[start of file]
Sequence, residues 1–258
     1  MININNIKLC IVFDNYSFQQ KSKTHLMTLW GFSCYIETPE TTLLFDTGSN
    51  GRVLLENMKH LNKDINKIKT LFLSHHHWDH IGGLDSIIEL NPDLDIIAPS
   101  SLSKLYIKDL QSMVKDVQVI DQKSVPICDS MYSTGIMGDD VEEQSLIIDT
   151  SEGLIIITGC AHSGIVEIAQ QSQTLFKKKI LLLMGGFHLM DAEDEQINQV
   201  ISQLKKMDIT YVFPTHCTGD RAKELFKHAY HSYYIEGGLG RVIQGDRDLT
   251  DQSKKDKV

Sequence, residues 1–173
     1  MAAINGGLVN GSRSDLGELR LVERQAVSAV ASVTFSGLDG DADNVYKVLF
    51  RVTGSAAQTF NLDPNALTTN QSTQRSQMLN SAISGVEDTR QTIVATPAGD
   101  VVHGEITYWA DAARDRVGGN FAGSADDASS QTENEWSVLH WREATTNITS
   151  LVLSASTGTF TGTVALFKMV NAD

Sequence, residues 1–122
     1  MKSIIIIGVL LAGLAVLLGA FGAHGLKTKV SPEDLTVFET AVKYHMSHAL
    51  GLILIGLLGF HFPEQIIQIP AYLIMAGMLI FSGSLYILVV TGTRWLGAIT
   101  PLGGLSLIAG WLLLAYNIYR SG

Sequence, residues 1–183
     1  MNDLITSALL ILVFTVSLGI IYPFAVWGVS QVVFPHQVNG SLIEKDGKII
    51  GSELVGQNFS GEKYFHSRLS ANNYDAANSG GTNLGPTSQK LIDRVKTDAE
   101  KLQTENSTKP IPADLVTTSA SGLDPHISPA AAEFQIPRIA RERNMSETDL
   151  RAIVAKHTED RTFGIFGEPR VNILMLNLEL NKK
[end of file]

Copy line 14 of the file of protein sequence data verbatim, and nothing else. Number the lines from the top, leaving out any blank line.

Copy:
     1  MKSIIIIGVL LAGLAVLLGA FGAHGLKTKV SPEDLTVFET AVKYHMSHAL